Week Seven. Individual Tasks 17/11/09

I found this week’s task a really difficult one to start off with. I found it difficult to find one genre that I liked across more than one type of media. I tend to like one or two genres for one type of media, and another genre for a different type of media. But, after thinking for quite a while, I realised that the crime genre was the genre that I could find different media objects within it that I liked.

These are the ones I selected from the crime/detective genre:

Television:

Trial & Retribution

Hustle

Life On Mars

Ashes To Ashes

  • I really could go on!
  • Although, I must say that I am not a fan of american crime television- it is far too polished, dramatic and over-rated possibly with the execption of CSI- the original not the spin-offs.
  • Film:

    Public Enemies

    From Hell

    Domino  

    Books:

    Sherlock Holmes- The Speckled Band  http://cutewriting.blogspot.com/2008/08/adventure-of-speckled-band-sherlock.html

    Sherlock Holmes- The Man With The Twisted Lip  http://www.sherlock-holmes.org/canon-en/twis-eng.htm

    Catch Me If You Can – http://www.google.co.uk/books?id=zA87v8FWVEAC&q=catch+me+if+you+can+abagnale&dq=catch+me+if+you+can+abagnale

    • I read Sherlock Holmes for coursework in school, but I actually really enjoyed them.

     

     Part One

    1. What elements of each of the objects seem to be the same?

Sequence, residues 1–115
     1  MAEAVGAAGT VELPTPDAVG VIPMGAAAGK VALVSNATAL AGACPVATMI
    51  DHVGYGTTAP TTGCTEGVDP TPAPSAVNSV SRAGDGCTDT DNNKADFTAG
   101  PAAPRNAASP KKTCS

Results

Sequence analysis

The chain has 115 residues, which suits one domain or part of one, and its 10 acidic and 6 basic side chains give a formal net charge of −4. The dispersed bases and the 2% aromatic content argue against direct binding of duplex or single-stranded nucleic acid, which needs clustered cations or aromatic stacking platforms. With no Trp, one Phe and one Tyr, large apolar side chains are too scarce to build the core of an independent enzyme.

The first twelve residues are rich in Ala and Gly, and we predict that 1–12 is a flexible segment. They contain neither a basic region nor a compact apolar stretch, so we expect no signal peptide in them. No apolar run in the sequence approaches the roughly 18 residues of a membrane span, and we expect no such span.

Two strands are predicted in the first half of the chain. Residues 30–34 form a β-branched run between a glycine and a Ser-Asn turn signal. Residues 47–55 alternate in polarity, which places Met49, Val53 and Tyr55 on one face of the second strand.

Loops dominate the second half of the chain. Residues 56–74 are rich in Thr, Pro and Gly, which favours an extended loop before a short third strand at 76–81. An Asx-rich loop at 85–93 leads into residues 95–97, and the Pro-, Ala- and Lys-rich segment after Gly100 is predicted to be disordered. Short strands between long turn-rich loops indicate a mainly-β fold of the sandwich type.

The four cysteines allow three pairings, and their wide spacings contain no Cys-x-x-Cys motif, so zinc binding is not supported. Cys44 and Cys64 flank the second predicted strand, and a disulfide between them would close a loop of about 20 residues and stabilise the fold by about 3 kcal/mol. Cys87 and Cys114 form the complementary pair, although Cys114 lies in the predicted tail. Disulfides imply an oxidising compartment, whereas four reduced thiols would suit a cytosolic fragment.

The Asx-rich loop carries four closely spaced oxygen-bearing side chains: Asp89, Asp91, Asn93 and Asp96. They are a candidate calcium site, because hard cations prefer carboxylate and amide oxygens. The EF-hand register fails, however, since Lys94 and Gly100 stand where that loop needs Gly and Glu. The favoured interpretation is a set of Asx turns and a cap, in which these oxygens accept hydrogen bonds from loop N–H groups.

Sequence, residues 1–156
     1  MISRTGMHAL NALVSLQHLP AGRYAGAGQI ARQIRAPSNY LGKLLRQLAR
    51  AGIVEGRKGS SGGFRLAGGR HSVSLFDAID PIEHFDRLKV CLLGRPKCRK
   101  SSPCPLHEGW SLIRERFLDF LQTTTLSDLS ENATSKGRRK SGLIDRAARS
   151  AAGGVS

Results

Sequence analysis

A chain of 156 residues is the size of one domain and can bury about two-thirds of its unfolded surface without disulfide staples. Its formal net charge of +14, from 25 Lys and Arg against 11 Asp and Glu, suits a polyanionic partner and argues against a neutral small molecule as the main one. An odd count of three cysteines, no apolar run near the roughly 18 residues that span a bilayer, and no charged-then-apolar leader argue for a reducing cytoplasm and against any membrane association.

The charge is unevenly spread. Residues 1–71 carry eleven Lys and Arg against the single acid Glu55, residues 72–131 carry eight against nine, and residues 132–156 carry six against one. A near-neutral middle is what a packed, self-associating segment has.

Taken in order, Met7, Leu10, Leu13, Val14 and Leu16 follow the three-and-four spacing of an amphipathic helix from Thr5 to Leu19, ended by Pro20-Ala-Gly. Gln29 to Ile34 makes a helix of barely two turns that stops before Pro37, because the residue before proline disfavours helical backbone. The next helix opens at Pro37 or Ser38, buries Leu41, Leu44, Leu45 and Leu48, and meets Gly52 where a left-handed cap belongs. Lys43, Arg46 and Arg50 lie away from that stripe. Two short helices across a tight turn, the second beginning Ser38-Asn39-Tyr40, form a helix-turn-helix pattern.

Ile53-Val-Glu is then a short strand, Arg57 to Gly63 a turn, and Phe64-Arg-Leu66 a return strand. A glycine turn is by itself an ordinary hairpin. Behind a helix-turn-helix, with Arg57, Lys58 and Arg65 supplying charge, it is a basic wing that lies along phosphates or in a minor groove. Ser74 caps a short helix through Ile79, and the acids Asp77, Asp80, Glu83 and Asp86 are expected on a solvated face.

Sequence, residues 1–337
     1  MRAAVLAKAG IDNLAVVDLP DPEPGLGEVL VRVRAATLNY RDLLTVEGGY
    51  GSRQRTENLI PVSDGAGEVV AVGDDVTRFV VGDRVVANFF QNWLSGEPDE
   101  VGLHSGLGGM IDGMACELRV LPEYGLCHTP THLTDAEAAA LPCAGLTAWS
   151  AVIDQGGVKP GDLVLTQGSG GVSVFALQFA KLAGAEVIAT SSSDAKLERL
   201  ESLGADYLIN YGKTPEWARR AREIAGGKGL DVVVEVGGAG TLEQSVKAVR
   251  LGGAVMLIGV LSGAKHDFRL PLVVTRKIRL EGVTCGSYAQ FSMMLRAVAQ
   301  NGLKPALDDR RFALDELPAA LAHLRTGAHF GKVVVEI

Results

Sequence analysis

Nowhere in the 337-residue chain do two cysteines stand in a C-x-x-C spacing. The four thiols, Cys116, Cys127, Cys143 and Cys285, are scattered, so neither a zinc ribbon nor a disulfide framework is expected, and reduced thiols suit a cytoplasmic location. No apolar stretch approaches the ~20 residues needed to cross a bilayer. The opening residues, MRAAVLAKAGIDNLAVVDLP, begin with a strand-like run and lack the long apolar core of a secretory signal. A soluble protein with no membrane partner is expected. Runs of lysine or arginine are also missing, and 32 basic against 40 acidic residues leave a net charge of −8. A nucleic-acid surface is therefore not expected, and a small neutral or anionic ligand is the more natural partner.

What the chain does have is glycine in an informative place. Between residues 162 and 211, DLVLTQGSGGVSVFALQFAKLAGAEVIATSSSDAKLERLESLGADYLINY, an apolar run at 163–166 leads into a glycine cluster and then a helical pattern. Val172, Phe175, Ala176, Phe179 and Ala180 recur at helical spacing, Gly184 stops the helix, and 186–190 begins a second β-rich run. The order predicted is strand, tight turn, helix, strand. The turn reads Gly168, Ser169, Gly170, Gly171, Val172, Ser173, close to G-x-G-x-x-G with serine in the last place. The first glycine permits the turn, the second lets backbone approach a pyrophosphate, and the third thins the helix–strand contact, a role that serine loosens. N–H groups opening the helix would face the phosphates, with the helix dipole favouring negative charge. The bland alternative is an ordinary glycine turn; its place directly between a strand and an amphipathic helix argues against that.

All the objects I have chosen share similar conventions of the crime genre. All have an ensemble cast and the books also have the popular convention of detective/sidekick. ‘Life on Mars’ and ‘Ashes to Ashes’ take this one step further in the fact that they have a maverick cop and conventional cop- which create binary opposition. A common convention of the crime genre that is evident in these texts the representation of women (with the exception of ‘Domino’) – women are portrayed as “sex objects”, the femme fetale being evident in ‘Ashes to Ashes’, ‘Life on Mars’ and ‘From Hell’ especially. Another conventional representation in these objects is the lack of characters from ethnic backgrounds. Both representations could suggest hegemony- that there is an ideology in the crime genre that the white man has the dominant values. Another convention of the crime genre that is shown in these media texts (with the exception of the books- although I am sure they would use the conventions in any adaptations) is the use of lighting. The lighting depicts the good/bad characters, the light/dark binary opposition is hilights the good/bad characters. The use of colour is also a convention of these media objects (again with the exception of the books- although I am sure they would use the conventions in any adaptations). Colours are conventionally used in the crime genre to express feelings/characters/moods; for example in ‘Ashes to Ashes’ the red dress and red lipstick on the character of Alex and the character of Stacie in ‘Hustle’ displays the convention of the femme fetale. The character of Mickey in ‘Hustle’ and Gene in ‘Ashes to Ashes’ often wear blue shirts, showing the cool and calm nature of their characters. The way the narratives are constructed are also similar, the narrative of the crime genre is one of it’s conventions. The narrative includes a “red herring”- this is particularly evident in ‘Sherlock Holmes’ -there are also often flashbacks- particularly in ‘Hustle’ – and often the narrative is inter-polated, different stories or events inter-woven and only at the end do they come together. They are all also filmed in a similar sharp style. Another convention is the flaw in one of the main cops/detectives; Gent Hunt (Life on Mars & Ashes to Ashes) drinks too much and is violent, Satchell (Trial and Retribution) smokes too much, Danny(Hustle) is sometimes over-keen, Inspector Abberline (From Hell) is a regular drug user, Sherlock Holmes is also a drug user- he is addicted to opium- and Frank (Catch Me If You Can) tries to push himself and better himself too much. Finally, they all have iconography in them – guns, money, alcohol, smoking.